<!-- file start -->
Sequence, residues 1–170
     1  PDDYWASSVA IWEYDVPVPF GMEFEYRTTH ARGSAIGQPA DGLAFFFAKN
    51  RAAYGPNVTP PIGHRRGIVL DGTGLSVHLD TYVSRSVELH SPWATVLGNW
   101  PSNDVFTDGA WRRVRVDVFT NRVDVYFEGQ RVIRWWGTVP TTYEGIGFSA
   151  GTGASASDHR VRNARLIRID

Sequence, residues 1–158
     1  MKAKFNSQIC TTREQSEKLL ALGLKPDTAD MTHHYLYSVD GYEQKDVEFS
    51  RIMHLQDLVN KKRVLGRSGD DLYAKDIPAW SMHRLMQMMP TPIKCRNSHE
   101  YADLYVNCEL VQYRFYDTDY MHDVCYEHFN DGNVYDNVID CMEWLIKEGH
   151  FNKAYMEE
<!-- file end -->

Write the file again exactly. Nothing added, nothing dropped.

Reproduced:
Sequence, residues 1–170
     1  PDDYWASSVA IWEYDVPVPF GMEFEYRTTH ARGSAIGQPA DGLAFFFAKN
    51  RAAYGPNVTP PIGHRRGIVL DGTGLSVHLD TYVSRSVELH SPWATVLGNW
   101  PSNDVFTDGA WRRVRVDVFT NRVDVYFEGQ RVIRWWGTVP TTYEGIGFSA
   151  GTGASASDHR VRNARLIRID

Sequence, residues 1–158
     1  MKAKFNSQIC TTREQSEKLL ALGLKPDTAD MTHHYLYSVD GYEQKDVEFS
    51  RIMHLQDLVN KKRVLGRSGD DLYAKDIPAW SMHRLMQMMP TPIKCRNSHE
   101  YADLYVNCEL VQYRFYDTDY MHDVCYEHFN DGNVYDNVID CMEWLIKEGH
   151  FNKAYMEE